Additionally, it has been very convenient to be able to play both sides of the “dual citizenship.” Frankly, there were times it was in my interest to emphasize my status as a priest in the ACNA, and there were other times it was in my interest to emphasize my status as a priest in the Church of Nigeria. Nevertheless, I recognize that such a situation was always far from ideal, even as I admit that it is not ideal for two GAFCON provinces to be active in a single geographic area.
Why I am Glad to Remain in the Church of Nigeria
All that said, I am convinced remaining in the Church of Nigeria is the best option for us. Though the power structures in the Anglican Communion are against the orthodox provinces and bishops, Nigeria is the largest province in the Communion and the strongest province in GAFCON. The sheer numbers in the GAFCON provinces who are recognized by all of the “Instruments of Communion” mean that the Anglican Communion is not a lost cause. Being a priest in the Church of Nigeria gives me skin in the game.
Nigeria’s size and strength also provides stability in an ever-shifting Anglican world. Unfortunately, there are some serious theological and ecclesiological issues that ACNA is unwilling or unable to resolve. In general, these are non-issues for Nigeria. For example, the controversy of women’s ordination may be the proverbial elephant-in-the-room for ACNA, but it is not even on the table for the Church of Nigeria.
Furthermore, there has been a tendency in much of the Anglican world in North America to change dioceses and jurisdictions rather often. Affinity dioceses dominate the ACNA landscape. Indeed, CANA could rightly have been classified in those terms! In the decision to remain with Nigeria, however, I see stability and loyalty on the part of my bishop and diocese. This is something that I need. It has rightly been pointed out that the Book of Common Prayer brought a certain sense of Benedictine spirituality to us regular folks. The Benedictine vow of stability prevented monks from jumping from one monastery to another. The decision to remain in the Church of Nigeria strikes me as properly Benedictine. Again, I recognize that not all in CANA would see it from this perspective, and indeed some may see membership in ACNA as being their duty for similar reasons.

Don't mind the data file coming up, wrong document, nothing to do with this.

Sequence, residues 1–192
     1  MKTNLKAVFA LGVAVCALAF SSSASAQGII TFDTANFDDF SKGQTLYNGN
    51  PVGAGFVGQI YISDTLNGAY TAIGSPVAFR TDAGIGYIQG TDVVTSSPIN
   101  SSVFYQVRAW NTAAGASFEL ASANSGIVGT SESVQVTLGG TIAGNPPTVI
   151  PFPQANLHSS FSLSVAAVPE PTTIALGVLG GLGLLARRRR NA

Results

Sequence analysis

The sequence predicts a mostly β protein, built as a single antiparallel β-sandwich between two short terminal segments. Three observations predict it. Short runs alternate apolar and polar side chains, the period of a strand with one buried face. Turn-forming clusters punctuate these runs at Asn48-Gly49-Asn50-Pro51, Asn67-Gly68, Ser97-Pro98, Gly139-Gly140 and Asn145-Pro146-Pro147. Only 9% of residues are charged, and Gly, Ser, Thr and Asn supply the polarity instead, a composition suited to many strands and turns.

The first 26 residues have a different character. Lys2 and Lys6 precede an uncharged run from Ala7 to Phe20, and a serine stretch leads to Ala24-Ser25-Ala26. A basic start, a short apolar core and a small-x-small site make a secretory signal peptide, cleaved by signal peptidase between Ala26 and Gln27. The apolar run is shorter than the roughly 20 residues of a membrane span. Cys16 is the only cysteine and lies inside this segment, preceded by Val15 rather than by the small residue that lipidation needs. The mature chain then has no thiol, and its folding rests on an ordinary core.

Finally, there are some groups of Anglicans, to whom my parish has some ancestral ties (albeit far before my time), that are hesitant to work closely with ACNA because of the afore-mentioned theological and ecclesiological issues. The status of CANA as ministry partners rather than dioceses within the ACNA may open doors for CANA to act as something of a bridge within orthodox Anglicanism across jurisdictions.
All Mission is Local
The truth is, very little will change at the local parish level. In my city we have a strong archdeaconry of CANA parishes that work very well together. None of us are large. None of us are wealthy. None of us take ourselves too seriously. We also have been working toward establishing relationships with the local Anglican Churches that are not a part of CANA. We hope to do the same with any ACNA ministries that are established here in the future. It is at this level that we preach the Gospel, administer the Sacraments, and call sinners to repentance. As a brother priest often reminds me, all mission is local. And contrary to some of the statements floating around the Internet, our mission is not narrowly focused on reaching Nigerians who have immigrated to our city. In fact, Nigerians are a small minority of our parishioners. No, we are here to reach whoever is in our neighborhoods, whoever is in our city, whoever needs the Gospel. I find that to be encouraging, even when the institutional structures are shaken. I am convinced that when we keep our eyes on the Gospel, we can indeed work together for mission, in spite of the messiness of the Anglican world.